Complete studio albums (and more!), part 12
Starting with 1998’s Tape Head, King’s X would write and self-record new material in the studio. The following album Please Come Home…Mr. Bulbous was done the same way, in a quick time frame of under two months. On Tape Head they captured tremendous energy and groove with that method. Perhaps the drawback to this approach is that you have less time to live with and tighten up the songwriting. On the other hand, on Mr. Bulbous it sounds like songwriting was a minor concern next to instrumental experimentation.
Songs like the opener “Fish Bowl Man” sound like several loose ideas floating together. It is a chorus without a song, unfortunately, because that chorus is a King’s X winner. The beat poetry section of the song is very interesting indeed, but it’s not among King’s X’s finer moments. Darkly simmering is the next song “Julia”, but its soft pulse is not enough. Two important ingredients are missing, and they are Doug’s soul singin’, and the patented King’s X groove machine. “She’s Gone Away” also fails to lift from the runway (although it sounded better live). This is more like King’s X for the dreamtimes.
This band is always been interesting instrumentally, and that holds true on Mr. Bulbous. Exploring laid-back musical landscapes while only blasting occasionally is more than fine. “Marsh Mellow Field” for example has a rock-heavy chorus featuring Doug in full lungs. The issue is that the songs are loose and sparsely arranged affairs that don’t sound coherent. It’s a challenging listen, and there are moments of riff and solo brilliance, but one must be patient.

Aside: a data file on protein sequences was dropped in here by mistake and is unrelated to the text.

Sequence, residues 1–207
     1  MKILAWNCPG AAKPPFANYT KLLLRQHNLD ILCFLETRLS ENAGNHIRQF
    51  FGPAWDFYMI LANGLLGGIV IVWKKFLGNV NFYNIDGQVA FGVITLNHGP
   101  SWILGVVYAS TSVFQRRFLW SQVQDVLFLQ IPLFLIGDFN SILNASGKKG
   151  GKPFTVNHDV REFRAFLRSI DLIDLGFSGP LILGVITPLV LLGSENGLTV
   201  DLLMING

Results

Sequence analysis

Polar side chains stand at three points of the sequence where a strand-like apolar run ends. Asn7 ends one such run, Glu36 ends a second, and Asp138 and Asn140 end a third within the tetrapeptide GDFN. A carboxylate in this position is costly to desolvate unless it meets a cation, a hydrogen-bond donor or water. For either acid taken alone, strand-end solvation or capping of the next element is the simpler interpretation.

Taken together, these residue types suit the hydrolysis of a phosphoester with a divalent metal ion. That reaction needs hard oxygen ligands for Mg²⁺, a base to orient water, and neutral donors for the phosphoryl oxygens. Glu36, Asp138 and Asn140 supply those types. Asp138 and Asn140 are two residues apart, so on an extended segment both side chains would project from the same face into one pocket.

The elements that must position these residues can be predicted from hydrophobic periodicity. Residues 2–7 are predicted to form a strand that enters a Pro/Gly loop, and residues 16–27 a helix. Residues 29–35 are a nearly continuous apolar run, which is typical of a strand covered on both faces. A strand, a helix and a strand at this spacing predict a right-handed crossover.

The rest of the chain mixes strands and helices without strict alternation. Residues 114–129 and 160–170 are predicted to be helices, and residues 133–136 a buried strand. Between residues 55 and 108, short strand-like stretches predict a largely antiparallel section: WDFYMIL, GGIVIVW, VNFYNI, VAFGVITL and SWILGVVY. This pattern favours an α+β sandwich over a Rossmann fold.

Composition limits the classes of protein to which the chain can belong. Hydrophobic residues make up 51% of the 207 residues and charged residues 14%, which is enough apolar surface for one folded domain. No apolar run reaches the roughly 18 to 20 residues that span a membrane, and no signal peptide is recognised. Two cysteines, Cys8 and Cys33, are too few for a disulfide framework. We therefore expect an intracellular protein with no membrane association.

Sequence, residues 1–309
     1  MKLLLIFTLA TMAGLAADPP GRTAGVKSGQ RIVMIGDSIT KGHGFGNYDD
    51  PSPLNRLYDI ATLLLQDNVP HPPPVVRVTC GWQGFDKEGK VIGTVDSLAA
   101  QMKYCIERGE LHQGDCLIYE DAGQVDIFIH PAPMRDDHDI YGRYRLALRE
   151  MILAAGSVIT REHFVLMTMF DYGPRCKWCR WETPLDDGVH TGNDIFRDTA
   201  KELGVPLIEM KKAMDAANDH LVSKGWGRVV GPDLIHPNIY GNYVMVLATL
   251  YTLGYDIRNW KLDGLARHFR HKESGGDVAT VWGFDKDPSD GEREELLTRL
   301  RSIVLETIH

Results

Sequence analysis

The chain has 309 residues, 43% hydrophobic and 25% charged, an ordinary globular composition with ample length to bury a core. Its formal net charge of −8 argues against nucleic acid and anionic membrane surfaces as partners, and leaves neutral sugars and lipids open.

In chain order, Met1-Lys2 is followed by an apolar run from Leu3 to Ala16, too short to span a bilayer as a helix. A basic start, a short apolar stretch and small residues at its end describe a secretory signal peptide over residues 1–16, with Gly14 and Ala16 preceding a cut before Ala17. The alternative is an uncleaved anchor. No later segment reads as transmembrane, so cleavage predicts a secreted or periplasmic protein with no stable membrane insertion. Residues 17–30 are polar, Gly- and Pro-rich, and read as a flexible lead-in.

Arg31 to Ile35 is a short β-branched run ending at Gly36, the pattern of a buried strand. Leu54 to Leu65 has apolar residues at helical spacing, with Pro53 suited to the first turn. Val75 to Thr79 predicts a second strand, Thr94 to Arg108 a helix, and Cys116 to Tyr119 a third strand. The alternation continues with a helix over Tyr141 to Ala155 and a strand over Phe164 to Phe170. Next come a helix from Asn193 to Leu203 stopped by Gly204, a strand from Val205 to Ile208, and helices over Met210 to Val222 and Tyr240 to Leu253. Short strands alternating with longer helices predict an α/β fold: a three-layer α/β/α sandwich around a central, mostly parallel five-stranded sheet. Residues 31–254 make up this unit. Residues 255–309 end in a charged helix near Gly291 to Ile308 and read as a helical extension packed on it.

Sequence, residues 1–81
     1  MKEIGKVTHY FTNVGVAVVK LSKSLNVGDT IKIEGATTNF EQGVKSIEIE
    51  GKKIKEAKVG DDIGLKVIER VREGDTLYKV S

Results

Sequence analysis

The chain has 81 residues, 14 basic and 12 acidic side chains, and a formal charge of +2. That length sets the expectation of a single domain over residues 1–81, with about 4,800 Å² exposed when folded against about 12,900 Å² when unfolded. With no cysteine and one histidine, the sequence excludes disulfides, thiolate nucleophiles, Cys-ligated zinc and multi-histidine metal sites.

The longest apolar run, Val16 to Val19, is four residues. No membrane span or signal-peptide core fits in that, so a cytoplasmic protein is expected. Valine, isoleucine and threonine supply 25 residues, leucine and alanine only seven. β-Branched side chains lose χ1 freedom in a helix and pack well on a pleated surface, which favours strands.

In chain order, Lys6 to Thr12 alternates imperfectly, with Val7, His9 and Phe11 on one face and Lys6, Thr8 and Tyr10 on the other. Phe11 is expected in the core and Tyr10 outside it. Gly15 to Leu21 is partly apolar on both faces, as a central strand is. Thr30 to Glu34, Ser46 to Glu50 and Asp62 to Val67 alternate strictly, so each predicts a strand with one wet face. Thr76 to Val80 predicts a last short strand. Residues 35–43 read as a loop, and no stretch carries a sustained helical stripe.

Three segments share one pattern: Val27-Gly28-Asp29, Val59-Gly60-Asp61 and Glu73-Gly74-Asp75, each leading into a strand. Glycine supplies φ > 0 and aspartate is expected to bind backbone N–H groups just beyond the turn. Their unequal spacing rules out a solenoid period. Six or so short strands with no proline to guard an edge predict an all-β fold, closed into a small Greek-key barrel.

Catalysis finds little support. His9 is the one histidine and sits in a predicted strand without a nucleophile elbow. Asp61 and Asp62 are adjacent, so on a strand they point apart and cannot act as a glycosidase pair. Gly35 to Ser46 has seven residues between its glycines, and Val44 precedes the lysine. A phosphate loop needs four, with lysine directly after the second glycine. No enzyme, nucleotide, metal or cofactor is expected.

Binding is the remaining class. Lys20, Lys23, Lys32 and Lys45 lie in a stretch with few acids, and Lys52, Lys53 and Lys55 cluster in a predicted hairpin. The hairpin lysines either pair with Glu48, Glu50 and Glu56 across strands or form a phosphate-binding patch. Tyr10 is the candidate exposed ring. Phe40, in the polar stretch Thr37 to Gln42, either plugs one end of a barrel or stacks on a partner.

- Jerry Gaskill’s drums on “When You’re Scared”. This guy is such an underrated drummer. “He plays with his whole body,” said my friend Uncle Meat. You can hear that, too.
- “Charlie Sheen”. No idea what the words are about, but this is about the only true “song” on the album. It’s really good, with one of those Ty Tabor choruses that you remember for days. “Kill the king, strip the queen, are you my friend dear Charlie Sheen”? Who cares, it sounds good and that’s what works. The song also has a very twangy Morse-like guitar part that makes this the catchiest track of the bunch.
- “Move Me” parts 1 and 2. Although Doug’s vocals are mixed in a nasal John Lennon fashion, this rocker has some movement to it. It’s one of the most constructed songs on the album, with the light and shade finally making sense within the structure of a song. An epic triumph almost worthy of the classic period of the band.
It’s a mixed affair but because it’s King’s X there is always going to be quality to it.
Next in this series: a previously published review of a Ty Tabor side project named Platypus. Platypus are a band consisting of Ty Tabor – Guitars & vocals. John Myung (Dream Theater) – Bass. Derek Sherinian (Dream Theater, Alice Cooper, Kiss) – Keys. Rod Morgenstein (Dixie Dregs, Winger) – Drums. Their second album, Ice Cycles, was loaded with fun time progressive hard rock. Ty gets a chance to shred jazzily and in other different contexts, and it is just delightful. You can check out that review now by clicking here.
Part 1 – Out of the Silent Planet (1988)
Part 2 – Gretchen Goes to Nebraska (1989)
Part 3 – Kings of the Absurd (split bootleg with Faith No More)
Part 4 – Faith Hope Love by King’s X (1990)
Part 5 – “Junior’s Gone Wild” (from 1991’s Bill & Ted’s Bogus Journey soundtrack)
Part 6 – King’s X (1992)
Part 7 – Dogman (1994) + bonus “Pillow” promo single review
Part 8 – Ear Candy (1996)
Part 9 – Best of King’s X (1997)
Part 10 – Tape Head (1998)
Part 11 – POUNDHOUND – Massive Grooves from the Electric Church of Psychofunkadelic Grungelism Rock Music (1998 Doug Pinnick/Jerry Gaskill)